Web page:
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Beneficial University Grant Strengthens Options for Crisis Response

CSU plans to bolster mental health services for studentsCampus Engagement, Counseling Center, CSUPD collaborative plan bolsters mental health services for students

Throughout the height of the Covid-19 pandemic, mental health took center stage, reaching a fever pitch at colleges and universities nationwide.

CSU hopes to bridge the communications gap when it comes to providing further assistance to students who are experiencing a mental health crisis.

A three-year grant of $367,858 was awarded to the Cleveland State Police Department (CSUPD) and the Counseling Center by the Federal Government. The university will use the money to help strengthen their forces around how they respond to students in crisis on campus, including providing a mental health assistant to ride along. The application states that some goals include “increasing the percentage of mental health calls for service which are met with a trained behavioral health co-responder, along with increased training for law enforcement around the intersection of behavioral health and legal situations.”

CSU plans to bolster mental health services for studentsThe grant from the federal government comes in addition to the monies received from the American Rescue Plan ($240,000), earmarked for funding the retention of the college’s police officers and the Campus Safety grant ($174,000), which CSU Chief of Police Beverly Pettrey says will support new radio equipment.

The idea to apply for the grant is all thanks to a collaboration effort on campus with one goal: to provide more options for response to those in crisis.

“Chief Pettrey found the grant and presented the idea to Counseling Center Director Dr. [Brittany] Sommers and me,” said Assistant Vice President for Campus Engagement Ali Martin-Scoufield. “Dr. Sommers took the lead in grant writing, and we learned after we were selected that we [represented] the only college/university to see the funding.”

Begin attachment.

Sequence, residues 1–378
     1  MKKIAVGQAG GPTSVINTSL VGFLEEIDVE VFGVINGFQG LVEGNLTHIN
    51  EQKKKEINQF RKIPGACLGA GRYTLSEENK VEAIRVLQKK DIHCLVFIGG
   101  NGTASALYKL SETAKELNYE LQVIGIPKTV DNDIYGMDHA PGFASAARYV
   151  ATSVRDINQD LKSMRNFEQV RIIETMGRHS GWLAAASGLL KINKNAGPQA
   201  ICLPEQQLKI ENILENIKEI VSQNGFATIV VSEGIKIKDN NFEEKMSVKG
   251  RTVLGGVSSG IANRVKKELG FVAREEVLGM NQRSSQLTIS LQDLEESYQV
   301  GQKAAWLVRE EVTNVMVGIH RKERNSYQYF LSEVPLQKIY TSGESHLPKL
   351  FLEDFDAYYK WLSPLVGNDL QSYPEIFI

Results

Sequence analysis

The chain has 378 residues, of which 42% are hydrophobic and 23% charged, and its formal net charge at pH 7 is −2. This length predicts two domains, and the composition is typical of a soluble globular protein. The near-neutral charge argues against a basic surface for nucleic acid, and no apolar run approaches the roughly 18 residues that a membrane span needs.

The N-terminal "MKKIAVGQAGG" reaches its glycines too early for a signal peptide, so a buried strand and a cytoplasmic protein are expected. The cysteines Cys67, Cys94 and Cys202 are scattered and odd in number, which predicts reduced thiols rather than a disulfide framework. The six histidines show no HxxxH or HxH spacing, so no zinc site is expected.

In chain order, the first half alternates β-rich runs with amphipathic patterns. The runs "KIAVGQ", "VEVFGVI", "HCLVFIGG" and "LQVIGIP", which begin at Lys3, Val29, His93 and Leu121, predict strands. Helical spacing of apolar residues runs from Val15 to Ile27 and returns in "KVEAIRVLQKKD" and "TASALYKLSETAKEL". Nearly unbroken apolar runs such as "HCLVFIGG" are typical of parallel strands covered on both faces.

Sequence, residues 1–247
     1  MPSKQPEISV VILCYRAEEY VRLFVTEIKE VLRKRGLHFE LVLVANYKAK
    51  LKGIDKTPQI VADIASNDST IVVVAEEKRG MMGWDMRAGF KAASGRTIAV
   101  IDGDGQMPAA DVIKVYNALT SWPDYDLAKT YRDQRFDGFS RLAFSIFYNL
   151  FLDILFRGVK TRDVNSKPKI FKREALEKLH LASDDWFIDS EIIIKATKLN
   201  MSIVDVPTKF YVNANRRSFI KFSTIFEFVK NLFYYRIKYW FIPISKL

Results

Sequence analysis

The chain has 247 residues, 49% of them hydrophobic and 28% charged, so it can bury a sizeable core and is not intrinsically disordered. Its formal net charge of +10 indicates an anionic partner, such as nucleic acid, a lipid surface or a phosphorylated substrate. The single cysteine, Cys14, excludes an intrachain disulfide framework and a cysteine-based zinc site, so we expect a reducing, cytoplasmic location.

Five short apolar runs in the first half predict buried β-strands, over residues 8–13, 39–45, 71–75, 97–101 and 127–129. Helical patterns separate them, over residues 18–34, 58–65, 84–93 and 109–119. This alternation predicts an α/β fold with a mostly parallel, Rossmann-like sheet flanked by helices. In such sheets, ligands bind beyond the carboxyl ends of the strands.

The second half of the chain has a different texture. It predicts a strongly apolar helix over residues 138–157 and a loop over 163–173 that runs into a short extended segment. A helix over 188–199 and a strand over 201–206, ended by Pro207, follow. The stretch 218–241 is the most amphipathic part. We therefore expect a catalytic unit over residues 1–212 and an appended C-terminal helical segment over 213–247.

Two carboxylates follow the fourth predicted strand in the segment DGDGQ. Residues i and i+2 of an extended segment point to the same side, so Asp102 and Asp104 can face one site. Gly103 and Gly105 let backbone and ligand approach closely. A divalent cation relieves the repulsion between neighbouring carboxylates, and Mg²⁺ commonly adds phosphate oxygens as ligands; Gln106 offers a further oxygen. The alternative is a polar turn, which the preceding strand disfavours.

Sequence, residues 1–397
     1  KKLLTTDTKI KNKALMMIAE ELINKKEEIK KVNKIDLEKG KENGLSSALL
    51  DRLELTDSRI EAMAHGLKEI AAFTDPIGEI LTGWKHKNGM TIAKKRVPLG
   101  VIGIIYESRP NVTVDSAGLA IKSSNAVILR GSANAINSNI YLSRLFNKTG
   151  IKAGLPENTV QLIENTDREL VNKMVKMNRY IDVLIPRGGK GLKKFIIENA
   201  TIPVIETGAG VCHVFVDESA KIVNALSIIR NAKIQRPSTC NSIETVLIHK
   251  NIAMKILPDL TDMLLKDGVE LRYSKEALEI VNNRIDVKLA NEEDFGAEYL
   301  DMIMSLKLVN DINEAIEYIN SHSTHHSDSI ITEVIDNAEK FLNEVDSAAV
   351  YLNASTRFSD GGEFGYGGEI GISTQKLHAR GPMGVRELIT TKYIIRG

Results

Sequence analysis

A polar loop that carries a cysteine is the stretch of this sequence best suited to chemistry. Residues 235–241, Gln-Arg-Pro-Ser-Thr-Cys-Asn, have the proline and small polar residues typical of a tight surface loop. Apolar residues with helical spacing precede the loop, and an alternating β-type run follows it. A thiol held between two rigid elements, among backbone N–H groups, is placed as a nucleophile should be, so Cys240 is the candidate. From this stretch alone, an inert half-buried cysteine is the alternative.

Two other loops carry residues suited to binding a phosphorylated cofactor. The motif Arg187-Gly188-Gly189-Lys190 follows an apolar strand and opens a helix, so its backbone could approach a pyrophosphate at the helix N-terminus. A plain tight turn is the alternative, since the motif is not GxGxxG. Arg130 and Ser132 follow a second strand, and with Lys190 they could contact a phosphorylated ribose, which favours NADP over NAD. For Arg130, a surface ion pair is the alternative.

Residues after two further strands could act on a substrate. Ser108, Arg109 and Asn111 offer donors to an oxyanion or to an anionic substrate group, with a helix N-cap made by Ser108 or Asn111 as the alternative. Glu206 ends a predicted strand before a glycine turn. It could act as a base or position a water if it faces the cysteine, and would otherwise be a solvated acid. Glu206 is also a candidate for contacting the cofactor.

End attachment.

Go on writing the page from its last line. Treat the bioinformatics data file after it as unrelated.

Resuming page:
The grant term will begin once CSU officially accepts it. When that happens, the university must follow an established process to carry out the responsibilities of the grant.

CSU plans to bolster mental health services for students“I believe this is another opportunity for us at CSU to demonstrate our commitment to care and student well-being,” said Assistant Vice President for Campus Engagement Ali Martin-Scoufield. “This will be another option for us to use when responding to calls, potential crises, and students in need.”

This grant will also benefit the CSU community, including students, faculty, staff, neighboring residential and business areas, residence life, and residential students. “We work with many different students, [with] many different types of student concerns,” said Martin-Scoufield. “It makes sense that we would have many different responses to all those things.”

The idea of a softer approach is already gaining traction in and around the community, with a significant emphasis on impending scenarios such as welfare checks or a student experiencing harmful thoughts with a gentler style. “A uniformed officer isn’t always the best response to a person in crisis,” said Chief Pettrey. “Having other options such as a co-responder could be useful and provide better results.”

Providing the best responses for students in need is the number one goal of the grant, something Martin-Scoufield said comes from straight from the heart.

“This program comes from a desire to do the best we can for our community,” she said. “It comes from a place of care.”

For more information about the Cleveland State Police Department, please visit